Sometime thereafter I recall asking the rabbi about a line in the Torah that defied logic, specifically, in Exodus 22:18: “Thou shalt not suffer a witch to live.” I had recently read that this was the basis for the witch trials in Salem, and I knew that there were no such things as witches.

He said, “There are some things we are not given to understand.” I replied, “If I want to hear that, I’ll become a Catholic.” I spent the rest of the day in the principal’s office, and the rest of my time at yeshiva in a state of apostasy.

What he should have said was, “Look, kid, the Torah was written by Bronze Age nomads with no idea about anything we understand today. These jokers thought the sun revolved around the earth. These are just folk tales, no different than the stories of American Indians or African tribes, and the quicker you understand that the better off you’ll be.” Fat chance.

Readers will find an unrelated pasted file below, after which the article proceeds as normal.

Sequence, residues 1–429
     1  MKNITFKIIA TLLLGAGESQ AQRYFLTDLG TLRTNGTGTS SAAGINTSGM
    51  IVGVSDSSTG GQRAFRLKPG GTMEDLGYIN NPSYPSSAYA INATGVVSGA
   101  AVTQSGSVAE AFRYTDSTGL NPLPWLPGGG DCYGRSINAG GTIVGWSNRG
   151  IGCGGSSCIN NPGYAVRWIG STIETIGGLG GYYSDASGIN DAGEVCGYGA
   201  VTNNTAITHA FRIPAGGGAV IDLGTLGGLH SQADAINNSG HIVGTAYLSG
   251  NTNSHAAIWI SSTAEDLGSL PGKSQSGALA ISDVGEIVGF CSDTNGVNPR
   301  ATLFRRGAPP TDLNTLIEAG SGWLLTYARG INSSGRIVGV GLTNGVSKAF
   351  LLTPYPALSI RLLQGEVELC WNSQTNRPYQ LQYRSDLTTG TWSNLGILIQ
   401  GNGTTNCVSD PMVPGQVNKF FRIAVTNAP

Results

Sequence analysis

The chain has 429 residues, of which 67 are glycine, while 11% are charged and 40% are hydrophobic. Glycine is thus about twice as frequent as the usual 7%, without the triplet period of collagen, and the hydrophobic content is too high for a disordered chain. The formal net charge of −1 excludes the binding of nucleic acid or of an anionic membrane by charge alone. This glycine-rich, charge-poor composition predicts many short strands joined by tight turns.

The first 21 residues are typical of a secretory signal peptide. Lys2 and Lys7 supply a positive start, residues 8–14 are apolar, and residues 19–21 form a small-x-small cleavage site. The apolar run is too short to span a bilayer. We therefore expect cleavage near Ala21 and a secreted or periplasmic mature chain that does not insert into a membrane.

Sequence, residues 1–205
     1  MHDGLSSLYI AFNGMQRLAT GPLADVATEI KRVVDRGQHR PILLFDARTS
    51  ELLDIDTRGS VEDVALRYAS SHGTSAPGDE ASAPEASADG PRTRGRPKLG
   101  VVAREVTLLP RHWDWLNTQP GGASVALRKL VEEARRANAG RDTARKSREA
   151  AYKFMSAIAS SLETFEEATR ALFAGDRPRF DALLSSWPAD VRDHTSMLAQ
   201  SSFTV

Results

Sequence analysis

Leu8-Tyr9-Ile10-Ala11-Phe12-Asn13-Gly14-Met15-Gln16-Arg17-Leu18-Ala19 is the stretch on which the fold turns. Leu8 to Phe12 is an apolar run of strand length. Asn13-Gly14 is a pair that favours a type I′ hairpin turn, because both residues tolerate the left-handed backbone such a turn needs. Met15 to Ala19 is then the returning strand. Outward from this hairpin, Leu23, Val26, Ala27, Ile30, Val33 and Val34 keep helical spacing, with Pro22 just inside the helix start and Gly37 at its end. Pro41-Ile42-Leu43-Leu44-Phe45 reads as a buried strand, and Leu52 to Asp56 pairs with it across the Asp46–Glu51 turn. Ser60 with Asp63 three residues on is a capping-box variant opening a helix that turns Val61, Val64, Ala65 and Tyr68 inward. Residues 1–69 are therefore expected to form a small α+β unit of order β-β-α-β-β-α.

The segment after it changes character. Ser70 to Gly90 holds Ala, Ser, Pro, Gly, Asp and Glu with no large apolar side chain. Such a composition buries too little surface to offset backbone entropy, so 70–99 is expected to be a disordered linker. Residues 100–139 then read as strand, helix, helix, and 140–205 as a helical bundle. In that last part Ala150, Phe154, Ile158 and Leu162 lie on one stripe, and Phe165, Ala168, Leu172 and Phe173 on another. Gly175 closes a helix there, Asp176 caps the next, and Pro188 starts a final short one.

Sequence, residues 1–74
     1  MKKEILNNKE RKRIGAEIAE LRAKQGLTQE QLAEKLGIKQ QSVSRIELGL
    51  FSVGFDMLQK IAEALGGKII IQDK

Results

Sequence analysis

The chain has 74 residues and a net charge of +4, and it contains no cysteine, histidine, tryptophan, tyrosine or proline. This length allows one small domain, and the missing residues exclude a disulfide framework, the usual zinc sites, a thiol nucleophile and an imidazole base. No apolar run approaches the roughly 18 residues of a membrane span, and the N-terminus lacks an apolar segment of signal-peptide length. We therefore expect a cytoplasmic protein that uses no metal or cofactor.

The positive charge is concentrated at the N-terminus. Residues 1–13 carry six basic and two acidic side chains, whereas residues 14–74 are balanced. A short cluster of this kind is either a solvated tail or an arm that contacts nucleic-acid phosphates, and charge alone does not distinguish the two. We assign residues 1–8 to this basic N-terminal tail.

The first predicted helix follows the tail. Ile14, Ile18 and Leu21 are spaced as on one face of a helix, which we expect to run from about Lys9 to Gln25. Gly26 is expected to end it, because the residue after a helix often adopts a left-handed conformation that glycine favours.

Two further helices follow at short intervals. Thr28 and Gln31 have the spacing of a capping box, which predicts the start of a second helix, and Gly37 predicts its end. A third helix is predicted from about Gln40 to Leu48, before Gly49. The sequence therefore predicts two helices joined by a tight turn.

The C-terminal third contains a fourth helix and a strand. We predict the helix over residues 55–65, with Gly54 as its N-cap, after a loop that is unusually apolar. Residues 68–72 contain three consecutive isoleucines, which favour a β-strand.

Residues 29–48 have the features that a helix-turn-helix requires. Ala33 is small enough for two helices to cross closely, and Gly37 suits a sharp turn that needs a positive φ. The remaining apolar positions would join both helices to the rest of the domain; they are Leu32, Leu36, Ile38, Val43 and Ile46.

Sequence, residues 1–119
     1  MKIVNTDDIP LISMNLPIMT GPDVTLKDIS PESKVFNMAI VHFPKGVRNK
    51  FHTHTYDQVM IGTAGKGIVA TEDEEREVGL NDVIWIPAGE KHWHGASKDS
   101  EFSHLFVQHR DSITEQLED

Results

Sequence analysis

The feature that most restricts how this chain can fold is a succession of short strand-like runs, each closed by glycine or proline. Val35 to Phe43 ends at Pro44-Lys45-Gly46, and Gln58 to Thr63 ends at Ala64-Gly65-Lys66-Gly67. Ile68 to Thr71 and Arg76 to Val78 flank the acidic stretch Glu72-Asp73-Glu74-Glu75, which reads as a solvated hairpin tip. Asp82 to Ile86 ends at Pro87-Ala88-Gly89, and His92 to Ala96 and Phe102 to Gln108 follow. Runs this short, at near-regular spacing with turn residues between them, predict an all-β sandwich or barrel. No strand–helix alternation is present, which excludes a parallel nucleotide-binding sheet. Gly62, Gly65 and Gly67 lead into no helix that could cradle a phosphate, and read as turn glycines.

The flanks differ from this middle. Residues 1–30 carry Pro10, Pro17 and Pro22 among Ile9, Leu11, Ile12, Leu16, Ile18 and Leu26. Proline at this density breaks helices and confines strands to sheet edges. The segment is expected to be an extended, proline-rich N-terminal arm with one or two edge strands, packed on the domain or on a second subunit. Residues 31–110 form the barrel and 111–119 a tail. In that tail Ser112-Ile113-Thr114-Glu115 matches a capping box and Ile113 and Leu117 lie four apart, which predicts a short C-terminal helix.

I was in the eighth grade in 1954, my first year in public school, when the phrase “under God” was added to the Pledge of Allegiance. We were instructed that the pledge we had known was no longer valid, and the new one was now to be intoned in home room. I refused to say it the very first time, simply remaining silent, and every time since. Even as an eleven-year-old, my sensibility was outraged, although I would have been hard pressed to explain why. Given my attitude about the Big Daddy in the sky, it just made sense to me not to include him in my pledge to our country.